Friday, April 27, 2012

A Plumbing We Will Go

We’ve decided to open our own plumbing company. People who know me will snicker because I once went out in the dark to turn off the sprinkler only to turn it on full blast. The next day, we had a temporary swimming pool in our garden. But it turns out you don’t need to know anything about plumbing to make a good living at it.

Upon moving into our current house three years ago, we discovered that the shower head in the master bath did not function very well because of the hard water in this area. We immediately bought a new shower head and set about replacing the old one. However, we could not unscrew the old shower head. Even with St. Pauli Girl holding the pipe with one wrench and my trying to turn the shower head with another, all the while putting all of my weight into it (and I have considerable weight to put into it), the dang thing would not budge.

So we just kind of forgot about it and made do with what we had. Recently, we decided to attack this project again. But we decided we just didn’t have the magical tools that plumbers have to complete such a simple operation. We broke down and called a plumbing company to come out and give us an estimate on how much it would cost to replace all of the shower fixtures with fixtures we had already bought. I figured they could get it done in ten minutes including a coffee break.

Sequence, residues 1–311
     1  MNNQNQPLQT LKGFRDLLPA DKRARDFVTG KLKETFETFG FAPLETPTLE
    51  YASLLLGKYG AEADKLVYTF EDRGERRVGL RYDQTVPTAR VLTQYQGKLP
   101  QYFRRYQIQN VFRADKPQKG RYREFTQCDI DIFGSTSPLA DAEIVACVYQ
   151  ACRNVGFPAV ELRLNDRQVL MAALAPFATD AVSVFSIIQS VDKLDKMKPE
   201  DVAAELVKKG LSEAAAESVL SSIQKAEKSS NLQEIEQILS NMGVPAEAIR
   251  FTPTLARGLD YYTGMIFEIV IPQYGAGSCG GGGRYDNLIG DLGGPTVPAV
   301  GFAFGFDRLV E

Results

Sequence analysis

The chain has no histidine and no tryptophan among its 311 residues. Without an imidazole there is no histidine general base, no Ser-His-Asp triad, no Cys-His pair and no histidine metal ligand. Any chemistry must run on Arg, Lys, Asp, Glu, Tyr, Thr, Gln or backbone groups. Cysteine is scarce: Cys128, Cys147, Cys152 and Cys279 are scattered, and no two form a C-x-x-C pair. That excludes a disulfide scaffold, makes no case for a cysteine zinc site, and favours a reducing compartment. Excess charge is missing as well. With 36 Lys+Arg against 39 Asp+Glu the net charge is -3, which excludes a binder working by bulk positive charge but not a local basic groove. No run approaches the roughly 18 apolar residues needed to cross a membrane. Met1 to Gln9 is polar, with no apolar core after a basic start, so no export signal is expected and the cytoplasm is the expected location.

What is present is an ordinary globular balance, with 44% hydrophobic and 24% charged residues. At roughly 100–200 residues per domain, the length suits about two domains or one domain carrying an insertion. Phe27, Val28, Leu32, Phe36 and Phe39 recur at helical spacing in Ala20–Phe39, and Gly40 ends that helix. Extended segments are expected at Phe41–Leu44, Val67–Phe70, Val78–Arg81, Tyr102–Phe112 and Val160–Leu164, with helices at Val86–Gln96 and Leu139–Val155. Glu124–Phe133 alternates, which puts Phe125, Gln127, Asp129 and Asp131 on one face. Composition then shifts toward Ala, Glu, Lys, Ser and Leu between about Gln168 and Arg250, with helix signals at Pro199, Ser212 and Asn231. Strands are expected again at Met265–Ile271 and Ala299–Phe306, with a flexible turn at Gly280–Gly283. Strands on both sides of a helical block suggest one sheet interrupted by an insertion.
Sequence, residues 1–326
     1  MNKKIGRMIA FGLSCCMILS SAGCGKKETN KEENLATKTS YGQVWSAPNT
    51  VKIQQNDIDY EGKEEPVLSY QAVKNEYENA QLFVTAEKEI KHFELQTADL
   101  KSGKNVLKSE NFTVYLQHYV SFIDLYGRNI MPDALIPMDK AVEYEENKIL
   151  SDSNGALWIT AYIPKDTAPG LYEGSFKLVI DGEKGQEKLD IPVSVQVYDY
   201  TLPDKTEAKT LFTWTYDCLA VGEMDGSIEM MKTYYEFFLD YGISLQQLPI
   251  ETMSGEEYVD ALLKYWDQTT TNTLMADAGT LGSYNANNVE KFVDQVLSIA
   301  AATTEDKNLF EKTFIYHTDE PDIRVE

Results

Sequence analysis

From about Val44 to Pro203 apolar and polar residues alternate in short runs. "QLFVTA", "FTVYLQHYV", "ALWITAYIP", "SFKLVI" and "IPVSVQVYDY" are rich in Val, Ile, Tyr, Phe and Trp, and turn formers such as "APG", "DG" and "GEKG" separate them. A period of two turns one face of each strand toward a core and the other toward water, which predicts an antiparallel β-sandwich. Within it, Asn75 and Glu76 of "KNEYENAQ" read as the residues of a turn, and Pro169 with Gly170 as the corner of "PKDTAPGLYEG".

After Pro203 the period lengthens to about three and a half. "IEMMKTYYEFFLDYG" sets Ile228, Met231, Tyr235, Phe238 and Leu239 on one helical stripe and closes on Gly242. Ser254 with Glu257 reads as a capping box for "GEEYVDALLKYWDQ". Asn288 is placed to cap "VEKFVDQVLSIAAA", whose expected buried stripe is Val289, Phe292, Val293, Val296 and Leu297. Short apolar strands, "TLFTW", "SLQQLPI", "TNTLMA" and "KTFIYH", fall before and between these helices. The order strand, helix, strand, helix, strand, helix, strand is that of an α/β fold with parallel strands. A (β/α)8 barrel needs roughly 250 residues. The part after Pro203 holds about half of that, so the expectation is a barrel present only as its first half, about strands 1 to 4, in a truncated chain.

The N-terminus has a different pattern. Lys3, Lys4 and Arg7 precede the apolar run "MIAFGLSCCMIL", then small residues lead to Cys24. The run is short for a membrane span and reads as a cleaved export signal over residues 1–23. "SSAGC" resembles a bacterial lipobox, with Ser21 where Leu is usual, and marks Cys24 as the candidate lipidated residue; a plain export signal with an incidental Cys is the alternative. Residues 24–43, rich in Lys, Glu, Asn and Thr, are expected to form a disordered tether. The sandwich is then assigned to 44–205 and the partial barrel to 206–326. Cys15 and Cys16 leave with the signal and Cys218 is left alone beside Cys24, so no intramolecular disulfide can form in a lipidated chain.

I won’t mention the plumbing company’s name, but let’s just say they’re named after a ski resort town in Colorado. Two of their ace plumbers came out to look at the shower. They then walked to the living room to look at the wall behind the master bathroom.

“Well,” said the chief plumber, “we’re going to have to come through this back wall here and knock out a big hole. Now we don’t do drywall work, so you’ll have to get someone else to fix the hole. But we know some guys. And our estimate is $750.”

“But we just want the fixtures replaced, not the pipes,” St. Pauli Girl said.

“It’s the only way to do it. No other options. But just for today, that’ll be $39.”

“What? You’re charging $39 to give us an estimate?”

“Yes ma’am. It’s a long drive out here.”

That’s when I knew plumbing was the life for me. Why charge $75 for a service call and an hour’s worth of work when you can just make good money in 10 minutes by pulling a number from “The Price is Right” wheel in your mind to give people an outrageous estimate that you know will scare them off?

So I’ve already started a repertoire for my future plumbing estimate calls at $50 a pop: